My favorite story from the collection is that of Nandayure and his magic wand. The power of the wand is that it can make anything that contains lime evaporate - shells, limestone, and people's bones (accidentally). I have  never heard of another magic item quite like it. Another story close to my heart is the Sisimiqui, which is a part of my repertoire and one of my top favorite folktales. In it, a brave rabbit riding an armadillo fights and defeats a terrifying monster via a game of whack-a-mole.
There were various stories about heroes being kidnapped by giant eagles. My favorite was the Brave in the seven baskets, in which a warrior hid himself inside seven baskets, and the man-eating eagles carried him up to their nest. He managed to kill one eagle and the chicks, and then climbed down the mountain - but his rope ran out halfway, and his people had to help him down the rest of the way. Interestingly, the morning after the victory feast the hero disappeared; it is possible that he was taken by the other eagle, but the story ended at this point abruptly.

Connections


Golden pigs, from pre-colombian
Costa Rica
I have already encountered legends from other cultures in South America in which a hunter followed a wounded animal and ended up in its kingdom, where he was forced to heal the wounds he had caused. In this case, a clumsy archer was kept by the King of Pigs. The King was not opposed to hunters - he just demanded that his subjects should be killed with one shot, without suffering.
I was reminded of a Dominican tale by the legend of the Boy with hands of fire, in which all the hunters of a village turned into snakes after eating the meat of a giant snake. A boy tried to save them, and then tried to help their loved ones save them, but people only listened to his advice after he sacrificed himself...
After Southeast Asia, I once again encountered Tiger People (who are not actually tigers, rather jaguars or maybe pumas, but they are called tigers). They appear as humans, but turn back into their feline form at night and eat people, or sometimes marry mortal girls and eat them on the wedding night.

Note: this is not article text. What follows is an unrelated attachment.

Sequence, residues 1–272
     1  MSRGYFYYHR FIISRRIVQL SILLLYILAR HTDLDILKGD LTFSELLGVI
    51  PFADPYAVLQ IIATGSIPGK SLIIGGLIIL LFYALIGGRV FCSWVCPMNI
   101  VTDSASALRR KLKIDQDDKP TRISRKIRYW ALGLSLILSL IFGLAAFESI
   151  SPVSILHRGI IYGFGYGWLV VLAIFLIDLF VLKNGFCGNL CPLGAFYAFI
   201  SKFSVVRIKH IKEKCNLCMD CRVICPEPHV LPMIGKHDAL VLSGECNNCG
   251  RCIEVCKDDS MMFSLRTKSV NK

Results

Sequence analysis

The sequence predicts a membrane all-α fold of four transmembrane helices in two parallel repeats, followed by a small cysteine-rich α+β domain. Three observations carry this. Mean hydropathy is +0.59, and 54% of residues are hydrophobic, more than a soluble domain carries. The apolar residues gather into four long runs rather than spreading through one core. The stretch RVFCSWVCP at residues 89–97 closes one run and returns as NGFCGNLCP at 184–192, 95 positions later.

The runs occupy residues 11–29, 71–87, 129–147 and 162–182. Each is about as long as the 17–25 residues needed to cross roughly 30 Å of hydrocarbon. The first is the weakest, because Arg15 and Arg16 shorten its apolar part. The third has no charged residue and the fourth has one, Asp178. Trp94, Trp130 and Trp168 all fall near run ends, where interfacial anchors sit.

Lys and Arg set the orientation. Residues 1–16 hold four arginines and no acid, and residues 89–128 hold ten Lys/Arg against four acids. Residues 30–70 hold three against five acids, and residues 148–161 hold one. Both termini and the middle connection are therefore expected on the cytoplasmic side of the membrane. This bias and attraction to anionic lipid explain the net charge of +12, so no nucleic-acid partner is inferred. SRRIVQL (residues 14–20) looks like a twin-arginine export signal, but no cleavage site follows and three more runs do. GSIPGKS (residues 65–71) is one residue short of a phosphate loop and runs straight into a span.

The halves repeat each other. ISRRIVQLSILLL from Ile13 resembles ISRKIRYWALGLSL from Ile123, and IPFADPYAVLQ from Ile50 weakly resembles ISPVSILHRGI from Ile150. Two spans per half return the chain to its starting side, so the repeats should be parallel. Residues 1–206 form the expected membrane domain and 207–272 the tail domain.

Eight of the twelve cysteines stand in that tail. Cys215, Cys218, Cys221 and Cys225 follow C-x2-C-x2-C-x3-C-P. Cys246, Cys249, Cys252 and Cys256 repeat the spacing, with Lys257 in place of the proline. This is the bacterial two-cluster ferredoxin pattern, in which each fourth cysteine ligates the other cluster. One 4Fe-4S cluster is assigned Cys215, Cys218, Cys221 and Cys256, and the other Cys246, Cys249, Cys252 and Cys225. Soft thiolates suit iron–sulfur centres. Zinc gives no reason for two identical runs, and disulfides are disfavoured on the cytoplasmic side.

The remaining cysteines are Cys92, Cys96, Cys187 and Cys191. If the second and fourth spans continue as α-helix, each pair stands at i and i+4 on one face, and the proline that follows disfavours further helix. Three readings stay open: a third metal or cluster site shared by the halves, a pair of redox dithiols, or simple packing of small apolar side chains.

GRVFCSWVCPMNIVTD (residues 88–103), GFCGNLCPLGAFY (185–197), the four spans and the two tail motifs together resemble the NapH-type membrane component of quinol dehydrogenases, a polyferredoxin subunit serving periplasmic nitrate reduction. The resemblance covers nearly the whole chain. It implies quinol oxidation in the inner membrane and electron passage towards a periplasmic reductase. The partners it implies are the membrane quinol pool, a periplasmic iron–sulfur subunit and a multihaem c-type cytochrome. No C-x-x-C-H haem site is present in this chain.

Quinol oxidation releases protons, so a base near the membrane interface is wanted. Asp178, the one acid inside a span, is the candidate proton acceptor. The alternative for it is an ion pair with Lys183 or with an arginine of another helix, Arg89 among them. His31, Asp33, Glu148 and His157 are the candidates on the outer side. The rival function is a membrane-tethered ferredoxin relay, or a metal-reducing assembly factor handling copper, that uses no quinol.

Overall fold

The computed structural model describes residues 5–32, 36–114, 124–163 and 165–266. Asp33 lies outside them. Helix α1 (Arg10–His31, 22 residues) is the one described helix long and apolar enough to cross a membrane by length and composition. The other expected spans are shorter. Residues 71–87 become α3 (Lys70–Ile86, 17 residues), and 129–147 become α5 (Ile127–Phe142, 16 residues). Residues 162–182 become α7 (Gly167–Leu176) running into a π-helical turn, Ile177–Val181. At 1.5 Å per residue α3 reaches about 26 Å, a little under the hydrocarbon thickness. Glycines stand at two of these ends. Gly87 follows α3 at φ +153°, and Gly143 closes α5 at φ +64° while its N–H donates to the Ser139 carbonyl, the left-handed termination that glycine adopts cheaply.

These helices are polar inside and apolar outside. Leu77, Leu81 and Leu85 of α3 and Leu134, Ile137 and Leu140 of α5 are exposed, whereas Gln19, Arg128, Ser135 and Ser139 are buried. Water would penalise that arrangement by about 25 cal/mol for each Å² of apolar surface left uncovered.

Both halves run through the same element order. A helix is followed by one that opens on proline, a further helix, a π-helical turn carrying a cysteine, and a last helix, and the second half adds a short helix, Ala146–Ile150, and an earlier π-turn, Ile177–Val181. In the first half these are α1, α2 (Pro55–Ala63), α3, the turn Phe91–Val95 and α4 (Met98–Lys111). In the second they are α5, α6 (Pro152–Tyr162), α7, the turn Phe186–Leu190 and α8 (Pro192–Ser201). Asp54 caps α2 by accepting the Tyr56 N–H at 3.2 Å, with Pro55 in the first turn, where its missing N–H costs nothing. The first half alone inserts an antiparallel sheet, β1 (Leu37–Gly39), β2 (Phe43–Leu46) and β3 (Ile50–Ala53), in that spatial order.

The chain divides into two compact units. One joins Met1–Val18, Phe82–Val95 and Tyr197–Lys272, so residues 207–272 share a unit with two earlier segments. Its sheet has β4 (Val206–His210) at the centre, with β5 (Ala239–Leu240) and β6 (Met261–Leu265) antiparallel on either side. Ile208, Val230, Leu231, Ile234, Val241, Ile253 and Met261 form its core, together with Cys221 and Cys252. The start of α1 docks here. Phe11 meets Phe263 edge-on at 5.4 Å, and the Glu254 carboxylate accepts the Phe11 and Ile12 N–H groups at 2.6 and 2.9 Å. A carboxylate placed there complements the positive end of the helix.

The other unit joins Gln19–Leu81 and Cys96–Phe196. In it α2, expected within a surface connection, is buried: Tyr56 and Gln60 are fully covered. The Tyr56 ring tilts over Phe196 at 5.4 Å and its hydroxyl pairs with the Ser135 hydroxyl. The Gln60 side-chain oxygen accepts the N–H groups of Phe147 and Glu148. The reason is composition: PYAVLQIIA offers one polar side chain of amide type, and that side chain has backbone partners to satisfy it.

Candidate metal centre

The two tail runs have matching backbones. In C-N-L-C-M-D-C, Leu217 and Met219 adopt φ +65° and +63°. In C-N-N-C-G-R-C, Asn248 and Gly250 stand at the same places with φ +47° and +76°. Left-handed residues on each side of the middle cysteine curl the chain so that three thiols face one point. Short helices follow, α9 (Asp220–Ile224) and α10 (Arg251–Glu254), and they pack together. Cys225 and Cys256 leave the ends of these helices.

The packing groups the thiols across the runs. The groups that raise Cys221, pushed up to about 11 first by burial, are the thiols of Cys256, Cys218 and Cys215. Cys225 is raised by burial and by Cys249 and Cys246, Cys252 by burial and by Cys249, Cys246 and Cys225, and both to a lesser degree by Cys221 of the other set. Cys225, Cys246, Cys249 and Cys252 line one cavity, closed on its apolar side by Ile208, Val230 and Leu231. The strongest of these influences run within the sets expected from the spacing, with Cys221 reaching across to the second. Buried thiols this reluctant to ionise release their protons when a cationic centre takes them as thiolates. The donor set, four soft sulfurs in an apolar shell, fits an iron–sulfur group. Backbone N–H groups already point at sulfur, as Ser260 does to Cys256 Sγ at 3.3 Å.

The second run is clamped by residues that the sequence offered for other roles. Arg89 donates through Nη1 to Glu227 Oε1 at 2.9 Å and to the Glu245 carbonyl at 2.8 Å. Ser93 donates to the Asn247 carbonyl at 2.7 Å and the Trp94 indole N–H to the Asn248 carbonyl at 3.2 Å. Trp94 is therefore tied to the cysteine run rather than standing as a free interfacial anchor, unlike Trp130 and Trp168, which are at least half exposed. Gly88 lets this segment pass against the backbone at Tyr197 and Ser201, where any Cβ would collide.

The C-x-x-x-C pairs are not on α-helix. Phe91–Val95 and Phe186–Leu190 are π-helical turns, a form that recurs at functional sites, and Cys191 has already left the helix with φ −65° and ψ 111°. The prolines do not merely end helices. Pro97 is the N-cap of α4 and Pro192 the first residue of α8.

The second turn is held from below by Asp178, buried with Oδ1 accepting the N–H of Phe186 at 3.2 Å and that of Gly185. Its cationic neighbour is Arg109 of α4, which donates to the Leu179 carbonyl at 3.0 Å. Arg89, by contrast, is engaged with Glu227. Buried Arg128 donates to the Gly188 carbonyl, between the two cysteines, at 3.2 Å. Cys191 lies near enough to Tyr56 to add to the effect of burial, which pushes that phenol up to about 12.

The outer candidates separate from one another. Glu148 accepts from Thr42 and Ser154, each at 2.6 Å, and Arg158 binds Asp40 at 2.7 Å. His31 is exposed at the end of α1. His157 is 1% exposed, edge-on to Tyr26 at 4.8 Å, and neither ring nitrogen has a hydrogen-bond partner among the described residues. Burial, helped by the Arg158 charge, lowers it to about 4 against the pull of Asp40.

There was also a legend about the birth of the first hummingbird; it was about two young people from warring tribes, but instead of a Romeo and Juliet tale, the man tried to abduct the girl, who was shot dead by a stray arrow in the fight, and turned into a bird.

Where to next? 
Nicaragua!

Monday, August 28, 2017

Zombies in a matchbox (Following folktales around the world 40. - Panama)

Today I continue the blog series titled Following folktales around the world! If you would like to know what the series is all about, you can find the introduction post here. You can find all posts under the Following Folktales label, or you can follow the series on Facebook!


Leyendas chiricanas
César Samudio
Imprenta Universitaria, 1994.

This book is a collection of stories from one province of Panama, called Chiriquí. Unlike most of the previous books in the series, this one does is less a volume of folktales, and more a display of various urban legends and folk beliefs, often with names, dates, and places proving that people telling them believed firmly that they really happened. Usual creatures of belief, such as ghosts, witches, fairies, gnomes, and the Devil make appearances, as well as curses and hauntings. Not much information is provided for the stories other than a short introduction, and the illustrations are quite disturbing - and yet, the book was definitely an intriguing read.

Highlights


Picture from here
I enjoyed the tale of Orik and the Washer Girl, in which a poor girl who went to  the river to do laundry made friends with a fairy/gnome creature named Orik. Orik gave her a gold coin every day, which she used to help her family, but eventually her relatives became worried that the mysterious benefactor would take their child, and used some tricks suggested by an old aunt to chase Orik away.
There were also some classically creepy, horror-like stories, such as the Ghost Bus, which appeared and disappeared on the roads at night, sideswiping other buses (I heard about a ghost street car in New Orelans) - and also Zombies in a matchbox, a series of tales about people who owned a matchbox with seven small zombie creatures in it that fulfilled their every command (including hijacking and airplane), and fed on the blood and tongues of live cows.